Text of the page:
Apart from these obvious reverences the film makers had to make to the dictator, this is actually a fairly good portrayal of the historical Vlad, even though his fantastic life story would certainly deserve a huge Hollywood production - it is so much more interesting than that novel concocted by that sexually frustrated, opium-addicted Irishman.
  • Warning: Spoilers
    Excellent Movie. I saw the cut, chopped, and delayed dubbing version. Still intense.

    Clearly a propaganda movie to make Vlad look like a hero. And I guess it worked on the most part. The version I saw was part of a double movie on one DVD with another more modern and inferior Vlad the Impaler movie. I would not recommend buying this DVD. The other movie was more gory but clearly low production with crappy acting. This movie was chopped on the corners, with some kind of label on the left and right throughout, the dubbing was delayed with misspellings, and it appears to have been edited with parts missing. However, the acting was incredible. The guy who played Vlad, clearly much older than 25 when he started his main rule, played the part great. His costars were great as well. Great music and cinematography.

    One thing that stood out is, there are hardly any women in this movie. Only a few peasant women. So, as a biography of Vlad, this movie only shows his 2nd and main rule, but cuts out any other aspects of his life except for the business of being a price and administering law, order, and war.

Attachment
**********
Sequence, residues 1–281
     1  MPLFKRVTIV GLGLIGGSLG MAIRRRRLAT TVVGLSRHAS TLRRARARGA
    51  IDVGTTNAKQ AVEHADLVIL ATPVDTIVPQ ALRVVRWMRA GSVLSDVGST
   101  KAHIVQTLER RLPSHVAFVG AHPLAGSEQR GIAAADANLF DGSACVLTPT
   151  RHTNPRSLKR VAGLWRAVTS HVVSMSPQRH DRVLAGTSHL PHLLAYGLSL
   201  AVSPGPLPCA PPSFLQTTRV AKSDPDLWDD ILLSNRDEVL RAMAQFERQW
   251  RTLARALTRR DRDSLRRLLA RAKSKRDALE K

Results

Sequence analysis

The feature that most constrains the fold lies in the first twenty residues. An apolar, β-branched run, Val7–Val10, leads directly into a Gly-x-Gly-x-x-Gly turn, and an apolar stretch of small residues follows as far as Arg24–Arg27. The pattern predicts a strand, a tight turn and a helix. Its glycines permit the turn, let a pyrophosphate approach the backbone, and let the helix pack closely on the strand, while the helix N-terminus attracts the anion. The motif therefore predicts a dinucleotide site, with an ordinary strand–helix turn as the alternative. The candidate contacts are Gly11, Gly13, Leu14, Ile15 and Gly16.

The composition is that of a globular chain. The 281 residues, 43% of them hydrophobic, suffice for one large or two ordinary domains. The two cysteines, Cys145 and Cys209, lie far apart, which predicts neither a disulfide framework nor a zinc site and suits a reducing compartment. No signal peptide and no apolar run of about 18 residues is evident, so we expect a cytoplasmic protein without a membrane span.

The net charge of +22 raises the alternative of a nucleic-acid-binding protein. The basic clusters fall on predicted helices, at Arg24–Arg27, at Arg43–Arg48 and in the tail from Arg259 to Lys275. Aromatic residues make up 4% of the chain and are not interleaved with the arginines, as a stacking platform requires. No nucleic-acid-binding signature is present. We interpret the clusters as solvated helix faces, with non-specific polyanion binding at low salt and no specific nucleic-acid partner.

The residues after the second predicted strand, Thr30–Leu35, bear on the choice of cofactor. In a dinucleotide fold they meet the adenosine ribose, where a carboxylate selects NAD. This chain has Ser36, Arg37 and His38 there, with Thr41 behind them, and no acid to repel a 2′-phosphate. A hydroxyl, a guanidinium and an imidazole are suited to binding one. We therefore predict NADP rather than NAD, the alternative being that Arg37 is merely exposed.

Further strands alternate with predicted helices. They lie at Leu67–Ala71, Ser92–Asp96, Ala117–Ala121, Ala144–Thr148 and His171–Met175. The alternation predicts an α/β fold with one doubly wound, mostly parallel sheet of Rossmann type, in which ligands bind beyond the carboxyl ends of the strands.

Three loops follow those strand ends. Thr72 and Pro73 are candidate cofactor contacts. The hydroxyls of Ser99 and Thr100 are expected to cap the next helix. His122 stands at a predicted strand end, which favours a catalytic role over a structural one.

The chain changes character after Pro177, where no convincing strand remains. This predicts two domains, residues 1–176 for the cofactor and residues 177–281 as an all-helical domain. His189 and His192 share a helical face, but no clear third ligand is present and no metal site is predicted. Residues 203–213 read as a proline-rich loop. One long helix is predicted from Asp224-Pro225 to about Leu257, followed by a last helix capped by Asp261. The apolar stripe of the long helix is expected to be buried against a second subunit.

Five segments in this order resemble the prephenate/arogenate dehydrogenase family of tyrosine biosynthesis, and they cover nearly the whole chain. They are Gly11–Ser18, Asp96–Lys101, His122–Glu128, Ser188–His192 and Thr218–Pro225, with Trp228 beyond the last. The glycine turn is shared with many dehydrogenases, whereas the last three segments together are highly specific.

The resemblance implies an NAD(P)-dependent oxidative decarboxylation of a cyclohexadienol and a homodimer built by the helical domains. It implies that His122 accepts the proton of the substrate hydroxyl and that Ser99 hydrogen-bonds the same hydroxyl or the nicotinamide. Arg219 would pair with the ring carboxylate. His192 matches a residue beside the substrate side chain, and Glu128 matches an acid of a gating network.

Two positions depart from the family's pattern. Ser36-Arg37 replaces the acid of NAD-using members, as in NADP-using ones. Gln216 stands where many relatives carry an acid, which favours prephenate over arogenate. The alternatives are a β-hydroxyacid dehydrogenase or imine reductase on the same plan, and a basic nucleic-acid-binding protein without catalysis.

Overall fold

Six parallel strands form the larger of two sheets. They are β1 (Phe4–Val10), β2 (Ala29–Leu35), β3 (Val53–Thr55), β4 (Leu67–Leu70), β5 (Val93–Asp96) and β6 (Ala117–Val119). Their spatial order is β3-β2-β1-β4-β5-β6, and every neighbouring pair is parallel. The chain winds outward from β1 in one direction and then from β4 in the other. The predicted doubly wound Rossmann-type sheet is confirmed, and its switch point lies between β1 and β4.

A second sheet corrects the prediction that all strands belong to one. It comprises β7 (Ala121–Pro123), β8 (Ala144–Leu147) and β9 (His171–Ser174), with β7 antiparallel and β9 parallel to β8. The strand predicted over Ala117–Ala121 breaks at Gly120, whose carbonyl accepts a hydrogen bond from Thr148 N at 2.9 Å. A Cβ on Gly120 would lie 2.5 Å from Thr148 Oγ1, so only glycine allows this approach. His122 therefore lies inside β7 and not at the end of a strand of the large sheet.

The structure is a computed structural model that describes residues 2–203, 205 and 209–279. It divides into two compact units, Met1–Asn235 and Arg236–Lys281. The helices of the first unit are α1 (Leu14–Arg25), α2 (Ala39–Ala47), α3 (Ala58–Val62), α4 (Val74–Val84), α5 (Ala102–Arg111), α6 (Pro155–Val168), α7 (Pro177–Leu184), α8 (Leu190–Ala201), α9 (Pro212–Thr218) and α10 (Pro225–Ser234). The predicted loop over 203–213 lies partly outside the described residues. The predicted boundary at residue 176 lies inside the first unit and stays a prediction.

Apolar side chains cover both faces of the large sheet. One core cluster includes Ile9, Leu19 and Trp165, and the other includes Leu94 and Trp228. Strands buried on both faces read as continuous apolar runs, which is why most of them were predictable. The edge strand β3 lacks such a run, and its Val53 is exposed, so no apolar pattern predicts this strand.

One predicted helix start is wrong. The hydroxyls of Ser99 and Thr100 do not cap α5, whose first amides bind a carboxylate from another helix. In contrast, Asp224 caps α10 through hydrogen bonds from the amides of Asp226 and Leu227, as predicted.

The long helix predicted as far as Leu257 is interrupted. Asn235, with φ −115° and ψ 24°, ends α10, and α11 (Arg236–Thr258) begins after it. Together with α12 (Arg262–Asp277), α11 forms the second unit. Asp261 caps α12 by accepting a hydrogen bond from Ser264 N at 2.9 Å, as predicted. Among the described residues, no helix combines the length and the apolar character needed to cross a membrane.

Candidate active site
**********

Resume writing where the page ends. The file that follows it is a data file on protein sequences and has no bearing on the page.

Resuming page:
Now, I see there is a youtube version that is uncut, with better subtitles. I need to check that out.

    Rating is a B, or 7 stars.
  • Kirpianuscus21 February 2017
    like many films under Comunist regime, it is a tool of propaganda. and this is the rule who defines especially historical films. the past legitimating the present. the hero in heroic aura. the history as a kind of magnificent page of hagiography. two small details impose the difference. first - the theme. it could be an answer to the image of vampire who is so popular in West. and who has an explanation in film. then - the performances. like in many other Romanian films from the same period, saving the film against the not remarkable dialogues or political rest - well known ingredients : the fight scenes, the music, the war between boyars and the leader, the loyal poor men and the Ottoman Empire. but the virtue is the science of Ștefan Sileanu to do a remarkable Vlad Țepeș. to reflect the essence of a not comfortable and too ambiguous character. then,Alexandru Repan as Mahomed II and the fascinating meet between Vlad and the Valachian Metropolit.
  • In my opinion, the films of that generation create a beautiful way to know history and at the same time to see how the art of cinema has developed over the years. These are movies that reach the soul. Congratulations to Stefan Sileanu and the entire production team!